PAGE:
Filth Is My Politics

Who knows how long that dumpster had been there. Dumpsters have a way of either sitting in places for very long or very short; the one thing I know for sure is that a place rarely, if ever, outlives a dumpster. They’re wrought with iron that makes shields whimper, covered in paint that make the sun scorches on a Camaro blush, and somehow they seem to lose what little rust they ever get. I don’t know what keeps dumpsters in such good health. Maybe it’s the smell.

So I saw this dumpster sitting alone, framed just so. It looked like Chandler’s man peering out onto the mean streets, doing a job that no one wants because that’s its job, and to hell with common sense. Its joints are welded tighter than Marlowe’s sense of right and wrong, and it stands twice as resolute. When a tornado sweeps through you won’t find buildings, but you will find a suite of dumpsters gaggled together, maybe a mile away, silent but resolute, and it’ll look like they’re stronger for the company. They’re solid to the core; they might even have some trash left inside. They’re resolute, indefatigable; you could pick them up, put them behind a fast food joint or in front of an apartment building, and they’ll act like nothing happened, nothing was wrong.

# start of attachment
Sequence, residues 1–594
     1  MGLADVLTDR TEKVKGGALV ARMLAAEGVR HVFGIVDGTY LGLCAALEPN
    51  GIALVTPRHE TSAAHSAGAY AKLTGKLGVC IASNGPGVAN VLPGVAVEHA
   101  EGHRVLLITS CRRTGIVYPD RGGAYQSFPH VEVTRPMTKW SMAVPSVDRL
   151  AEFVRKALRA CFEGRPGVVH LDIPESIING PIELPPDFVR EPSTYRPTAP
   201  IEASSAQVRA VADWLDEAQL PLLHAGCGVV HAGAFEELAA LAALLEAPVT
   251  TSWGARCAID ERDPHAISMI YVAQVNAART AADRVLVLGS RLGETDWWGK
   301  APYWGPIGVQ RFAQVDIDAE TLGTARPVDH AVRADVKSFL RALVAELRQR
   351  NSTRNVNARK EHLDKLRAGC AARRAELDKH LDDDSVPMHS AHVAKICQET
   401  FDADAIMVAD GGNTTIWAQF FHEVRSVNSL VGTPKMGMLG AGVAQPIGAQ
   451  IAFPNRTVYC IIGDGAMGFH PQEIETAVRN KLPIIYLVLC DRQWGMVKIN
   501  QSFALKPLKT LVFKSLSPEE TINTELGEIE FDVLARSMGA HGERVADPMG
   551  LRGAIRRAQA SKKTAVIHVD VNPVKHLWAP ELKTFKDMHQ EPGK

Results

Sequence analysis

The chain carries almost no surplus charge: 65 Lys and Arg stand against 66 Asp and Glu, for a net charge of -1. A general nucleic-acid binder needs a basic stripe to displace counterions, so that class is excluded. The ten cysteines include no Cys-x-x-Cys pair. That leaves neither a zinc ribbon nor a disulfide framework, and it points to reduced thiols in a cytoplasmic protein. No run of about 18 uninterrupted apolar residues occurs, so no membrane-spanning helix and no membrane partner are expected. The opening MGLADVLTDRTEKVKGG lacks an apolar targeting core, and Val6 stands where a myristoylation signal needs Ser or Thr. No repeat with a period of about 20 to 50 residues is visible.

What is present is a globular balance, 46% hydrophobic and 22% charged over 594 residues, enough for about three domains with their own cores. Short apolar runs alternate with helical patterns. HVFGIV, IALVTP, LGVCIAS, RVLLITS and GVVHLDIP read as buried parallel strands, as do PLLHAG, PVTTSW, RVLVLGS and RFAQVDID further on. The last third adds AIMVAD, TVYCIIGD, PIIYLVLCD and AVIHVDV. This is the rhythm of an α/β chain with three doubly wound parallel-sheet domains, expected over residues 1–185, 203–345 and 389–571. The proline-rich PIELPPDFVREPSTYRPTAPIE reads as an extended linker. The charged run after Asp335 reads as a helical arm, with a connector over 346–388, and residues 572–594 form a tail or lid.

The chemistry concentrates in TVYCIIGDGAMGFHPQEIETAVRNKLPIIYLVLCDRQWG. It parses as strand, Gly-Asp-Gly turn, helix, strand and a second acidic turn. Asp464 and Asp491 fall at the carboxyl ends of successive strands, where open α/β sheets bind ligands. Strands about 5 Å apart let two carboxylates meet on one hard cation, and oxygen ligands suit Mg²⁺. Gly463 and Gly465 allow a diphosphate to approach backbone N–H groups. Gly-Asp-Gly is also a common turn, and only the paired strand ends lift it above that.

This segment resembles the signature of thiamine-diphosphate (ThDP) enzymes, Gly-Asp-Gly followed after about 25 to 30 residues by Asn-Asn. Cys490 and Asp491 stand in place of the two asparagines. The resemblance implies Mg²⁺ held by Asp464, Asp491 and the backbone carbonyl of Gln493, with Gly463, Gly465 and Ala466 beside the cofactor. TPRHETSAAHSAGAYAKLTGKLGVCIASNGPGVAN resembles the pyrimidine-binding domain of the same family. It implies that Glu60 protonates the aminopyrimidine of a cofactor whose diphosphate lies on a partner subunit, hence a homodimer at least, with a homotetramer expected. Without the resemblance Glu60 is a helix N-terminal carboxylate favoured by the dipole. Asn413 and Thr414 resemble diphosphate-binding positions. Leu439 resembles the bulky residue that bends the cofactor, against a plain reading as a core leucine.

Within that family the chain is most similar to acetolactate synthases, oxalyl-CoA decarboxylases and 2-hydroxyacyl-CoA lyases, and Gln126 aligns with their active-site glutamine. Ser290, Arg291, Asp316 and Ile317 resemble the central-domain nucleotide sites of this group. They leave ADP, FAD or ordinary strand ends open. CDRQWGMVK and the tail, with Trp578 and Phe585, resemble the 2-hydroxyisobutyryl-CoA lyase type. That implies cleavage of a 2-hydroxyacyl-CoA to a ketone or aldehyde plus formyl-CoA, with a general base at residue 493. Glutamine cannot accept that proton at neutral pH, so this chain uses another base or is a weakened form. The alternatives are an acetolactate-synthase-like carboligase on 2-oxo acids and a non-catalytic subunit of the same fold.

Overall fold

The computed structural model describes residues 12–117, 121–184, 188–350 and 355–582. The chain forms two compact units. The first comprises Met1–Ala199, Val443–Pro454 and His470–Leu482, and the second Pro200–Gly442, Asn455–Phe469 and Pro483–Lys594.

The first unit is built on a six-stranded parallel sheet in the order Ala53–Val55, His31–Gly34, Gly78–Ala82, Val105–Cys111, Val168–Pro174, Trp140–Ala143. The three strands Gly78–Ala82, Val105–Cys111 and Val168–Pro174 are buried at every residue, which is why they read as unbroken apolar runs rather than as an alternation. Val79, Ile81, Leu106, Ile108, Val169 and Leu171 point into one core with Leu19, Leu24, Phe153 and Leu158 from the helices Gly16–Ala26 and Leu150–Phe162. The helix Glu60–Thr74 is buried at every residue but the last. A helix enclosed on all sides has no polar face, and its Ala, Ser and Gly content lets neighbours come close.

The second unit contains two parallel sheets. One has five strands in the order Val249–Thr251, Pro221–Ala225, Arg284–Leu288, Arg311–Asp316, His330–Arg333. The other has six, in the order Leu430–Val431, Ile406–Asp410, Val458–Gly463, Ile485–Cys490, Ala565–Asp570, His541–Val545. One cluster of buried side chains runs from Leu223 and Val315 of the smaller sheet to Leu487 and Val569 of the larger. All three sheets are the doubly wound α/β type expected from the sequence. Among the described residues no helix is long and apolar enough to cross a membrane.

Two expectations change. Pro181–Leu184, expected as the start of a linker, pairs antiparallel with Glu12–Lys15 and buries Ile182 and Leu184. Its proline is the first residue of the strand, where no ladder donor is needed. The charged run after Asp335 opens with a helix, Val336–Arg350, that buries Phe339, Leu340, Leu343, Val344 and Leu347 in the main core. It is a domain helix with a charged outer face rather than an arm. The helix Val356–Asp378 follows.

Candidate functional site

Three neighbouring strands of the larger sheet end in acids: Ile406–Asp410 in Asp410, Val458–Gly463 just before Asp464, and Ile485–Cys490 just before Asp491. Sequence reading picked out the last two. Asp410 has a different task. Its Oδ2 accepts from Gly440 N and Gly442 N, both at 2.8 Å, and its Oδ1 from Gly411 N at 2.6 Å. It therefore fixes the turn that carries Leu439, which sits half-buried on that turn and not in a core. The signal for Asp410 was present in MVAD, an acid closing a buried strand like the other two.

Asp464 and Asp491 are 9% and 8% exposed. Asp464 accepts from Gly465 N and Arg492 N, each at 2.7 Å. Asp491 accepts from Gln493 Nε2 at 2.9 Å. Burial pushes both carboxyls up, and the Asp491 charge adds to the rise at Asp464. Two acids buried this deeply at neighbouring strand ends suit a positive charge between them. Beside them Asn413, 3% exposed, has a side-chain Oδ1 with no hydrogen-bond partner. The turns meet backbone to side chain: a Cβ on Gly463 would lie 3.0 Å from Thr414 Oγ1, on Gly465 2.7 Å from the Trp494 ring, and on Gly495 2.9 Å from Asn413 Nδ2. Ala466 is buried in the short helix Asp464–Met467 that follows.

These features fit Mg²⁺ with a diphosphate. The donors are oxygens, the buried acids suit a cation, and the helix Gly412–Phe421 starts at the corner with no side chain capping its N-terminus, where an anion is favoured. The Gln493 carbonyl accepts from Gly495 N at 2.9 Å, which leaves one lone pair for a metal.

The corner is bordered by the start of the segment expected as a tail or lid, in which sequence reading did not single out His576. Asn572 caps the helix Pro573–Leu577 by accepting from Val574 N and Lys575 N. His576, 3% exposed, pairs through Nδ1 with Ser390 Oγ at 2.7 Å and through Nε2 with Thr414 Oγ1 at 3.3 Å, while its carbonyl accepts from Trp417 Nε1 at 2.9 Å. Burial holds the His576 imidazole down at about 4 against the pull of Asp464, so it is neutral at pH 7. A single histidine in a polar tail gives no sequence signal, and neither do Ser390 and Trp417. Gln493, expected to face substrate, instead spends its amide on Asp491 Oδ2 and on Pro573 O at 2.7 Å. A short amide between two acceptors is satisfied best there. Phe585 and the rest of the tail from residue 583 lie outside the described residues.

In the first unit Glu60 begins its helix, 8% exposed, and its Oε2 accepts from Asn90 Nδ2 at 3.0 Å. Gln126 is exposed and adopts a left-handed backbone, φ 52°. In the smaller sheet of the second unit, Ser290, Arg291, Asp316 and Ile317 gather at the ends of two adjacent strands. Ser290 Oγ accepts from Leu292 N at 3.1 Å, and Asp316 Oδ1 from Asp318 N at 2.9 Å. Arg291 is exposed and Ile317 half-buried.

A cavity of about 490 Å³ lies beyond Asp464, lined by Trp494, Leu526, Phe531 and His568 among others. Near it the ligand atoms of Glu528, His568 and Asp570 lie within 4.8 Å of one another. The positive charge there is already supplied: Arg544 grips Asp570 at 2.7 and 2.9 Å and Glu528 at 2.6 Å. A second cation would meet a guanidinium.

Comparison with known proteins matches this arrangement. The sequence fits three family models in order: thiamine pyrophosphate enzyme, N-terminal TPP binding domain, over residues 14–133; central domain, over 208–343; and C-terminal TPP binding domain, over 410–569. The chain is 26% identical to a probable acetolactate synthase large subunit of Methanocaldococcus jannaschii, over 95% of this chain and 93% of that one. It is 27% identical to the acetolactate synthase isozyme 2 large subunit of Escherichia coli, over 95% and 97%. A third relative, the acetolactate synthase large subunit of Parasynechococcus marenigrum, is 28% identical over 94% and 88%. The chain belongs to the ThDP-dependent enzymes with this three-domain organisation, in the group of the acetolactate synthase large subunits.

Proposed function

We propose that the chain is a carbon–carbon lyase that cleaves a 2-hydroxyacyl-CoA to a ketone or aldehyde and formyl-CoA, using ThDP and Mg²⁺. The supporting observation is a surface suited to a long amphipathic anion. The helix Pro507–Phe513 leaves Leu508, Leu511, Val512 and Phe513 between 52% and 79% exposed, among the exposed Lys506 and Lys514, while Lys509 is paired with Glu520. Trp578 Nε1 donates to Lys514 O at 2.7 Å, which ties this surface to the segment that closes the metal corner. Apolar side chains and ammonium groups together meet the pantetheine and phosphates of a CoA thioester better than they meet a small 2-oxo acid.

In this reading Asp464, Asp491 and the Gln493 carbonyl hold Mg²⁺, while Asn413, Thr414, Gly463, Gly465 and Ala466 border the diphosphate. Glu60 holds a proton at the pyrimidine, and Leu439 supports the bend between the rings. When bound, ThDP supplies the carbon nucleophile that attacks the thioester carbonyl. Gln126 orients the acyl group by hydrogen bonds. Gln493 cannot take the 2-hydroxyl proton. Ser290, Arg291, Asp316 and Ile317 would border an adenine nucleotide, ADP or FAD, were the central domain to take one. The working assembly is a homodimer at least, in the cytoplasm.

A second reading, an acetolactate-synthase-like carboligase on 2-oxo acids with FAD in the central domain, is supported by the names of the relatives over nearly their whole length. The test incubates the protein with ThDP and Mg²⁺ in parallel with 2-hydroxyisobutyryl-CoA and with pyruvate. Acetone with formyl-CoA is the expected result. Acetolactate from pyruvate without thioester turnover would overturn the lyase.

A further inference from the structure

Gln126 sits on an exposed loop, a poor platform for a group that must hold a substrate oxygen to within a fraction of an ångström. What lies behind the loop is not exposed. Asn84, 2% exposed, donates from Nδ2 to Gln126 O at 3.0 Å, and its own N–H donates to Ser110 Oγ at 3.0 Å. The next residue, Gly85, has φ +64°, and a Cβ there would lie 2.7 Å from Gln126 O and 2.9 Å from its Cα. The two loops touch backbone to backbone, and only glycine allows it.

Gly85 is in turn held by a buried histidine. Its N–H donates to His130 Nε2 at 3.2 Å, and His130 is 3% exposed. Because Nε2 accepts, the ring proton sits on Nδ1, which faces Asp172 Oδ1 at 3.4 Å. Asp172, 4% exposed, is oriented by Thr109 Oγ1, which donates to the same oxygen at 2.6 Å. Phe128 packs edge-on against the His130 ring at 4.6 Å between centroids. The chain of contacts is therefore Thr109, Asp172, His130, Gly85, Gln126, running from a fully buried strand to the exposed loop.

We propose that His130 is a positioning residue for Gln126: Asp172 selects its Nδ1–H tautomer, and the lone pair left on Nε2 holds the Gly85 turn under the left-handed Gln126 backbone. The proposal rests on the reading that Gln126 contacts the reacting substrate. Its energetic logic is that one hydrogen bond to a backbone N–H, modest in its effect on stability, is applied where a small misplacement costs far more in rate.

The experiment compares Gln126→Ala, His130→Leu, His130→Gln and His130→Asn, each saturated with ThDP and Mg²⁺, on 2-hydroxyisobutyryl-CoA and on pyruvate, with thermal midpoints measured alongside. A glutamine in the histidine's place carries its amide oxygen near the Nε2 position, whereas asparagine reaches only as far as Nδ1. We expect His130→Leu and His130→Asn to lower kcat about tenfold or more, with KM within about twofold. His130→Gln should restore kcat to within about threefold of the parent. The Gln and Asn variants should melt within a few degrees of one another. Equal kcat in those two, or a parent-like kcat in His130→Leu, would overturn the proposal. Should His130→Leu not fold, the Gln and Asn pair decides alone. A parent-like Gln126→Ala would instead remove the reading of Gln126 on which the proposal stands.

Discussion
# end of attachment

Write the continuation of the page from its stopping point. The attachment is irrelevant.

When the apocalypse comes, the cockroaches will be cribbing notes off the dumpsters, or at least they’ll be trying. They won’t succeed because dumpsters are solid and silent; they’re resolute; if they’d say anything, their only contribution would be a complaint. You’ll never catch a dumpster complaining.